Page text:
Do you have a support group of family and/or friends? You haven't mentioned feeling isolated, so I hope you do. There is a book out that has places for you to jot answers, etc., almost like a workbook, called [U]Take Charge of Bipolar Disorder: A 4-Step Plan for You and Your loved Ones to Manage the illness and Create Lasting Stability,[/U] by Julie Fast. She also wrote [U]Loving Someone Who's Bipolar[/U]. She has BP and the 4-step plan is something she invented that helps her maintain her stability. You might take a look at it, if that sort of thing works for you. I showed it to our son and he leafed through it, but wasn't the least bit interested. But it works well for some people.

Anyway, this would be one way to involve family and/or friends in your plan for stability, along the lines of what your tdoc suggested. Again, I don't really have that with our son --we're a bit more unstructured than that...but I think I will talk to him about something like that one of these days. He pretty much handles his BP on his own. I have never met any of the 4 pdocs he has been a patient of.

Don't apologize for asking questions. We're happy to help and are pleased if you are getting something out of the board.

Take care,
Hello neon_dreamer,

Saw your post to EYES and thought I'd respond here!! EYES is one of our inspirational people on the board. He is retired now, and has quite a family history of BP. I think there are 5 generations. His son has BP too and has a successful career as a minister.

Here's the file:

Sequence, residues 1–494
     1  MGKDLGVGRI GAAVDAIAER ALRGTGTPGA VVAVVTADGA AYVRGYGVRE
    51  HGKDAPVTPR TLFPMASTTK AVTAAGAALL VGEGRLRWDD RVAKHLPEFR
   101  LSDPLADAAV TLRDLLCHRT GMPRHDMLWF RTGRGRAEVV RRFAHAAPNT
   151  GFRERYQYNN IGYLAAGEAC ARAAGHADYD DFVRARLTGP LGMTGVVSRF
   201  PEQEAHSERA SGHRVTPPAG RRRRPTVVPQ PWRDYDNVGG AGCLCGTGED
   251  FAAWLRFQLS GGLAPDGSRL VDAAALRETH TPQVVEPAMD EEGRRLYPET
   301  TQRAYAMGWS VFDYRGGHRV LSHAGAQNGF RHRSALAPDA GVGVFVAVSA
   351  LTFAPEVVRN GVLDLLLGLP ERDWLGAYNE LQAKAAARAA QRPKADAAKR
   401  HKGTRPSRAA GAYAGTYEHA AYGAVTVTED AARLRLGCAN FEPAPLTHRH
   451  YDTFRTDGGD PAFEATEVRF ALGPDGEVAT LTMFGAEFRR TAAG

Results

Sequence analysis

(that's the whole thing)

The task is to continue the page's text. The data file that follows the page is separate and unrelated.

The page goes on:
From what I can tell, the success stories come from the person being able to accept that they have an "Illness" (I put this in quotes because some people take offense at the use of the word illness...but I never know exactly how to refer to BP:confused: ) that is going to go with them through their life. Then they educate themselves about the disorder, learning about various treatments, medications, etc. They learn what they need to do to avoid the TRIGGERS that can threaten their stability. They take care of their health by establishing a routine that works for them, sleeping, eating nutritious food, drinking plenty of water, exercising, etc. Going to their pdoc for periodic checks; going to therapy as needed -- after you can a handle on your disorder, this is not always necessary to continue with. Eventually they learn that having BP is a part of their life and they are able to just continue on because they have learned to manage their BP rather than letting the "Dis-ease" manage them.

I fully expect my son to be a success story like EYES. EYES had plenty of trouble at the beginning but he eventually learned what he needed to do. My son was diagnosed his junior year of college. He graduated and began his "career" job and lasted about 7 months before he really ran into trouble. He had a tough time for a bit but has now been stable and well for over 2 years and is in the process of rebuilding his life. He had to rethink his career plans as the lifestyle and stress of the career he had picked was not conduisive to maintaining stability!! And now he is well on his way to rebuilding a good, stable, healthy life.

I can see that the period of hypomania caught you by surprise. You will talk to the pdoc about it and figure out what happened...and you will be fine. I can tell from your attitude and your desire to manage your disorder. You have a good handle on the situation and what you need to do to maintain your stability.

:wave: Tsohl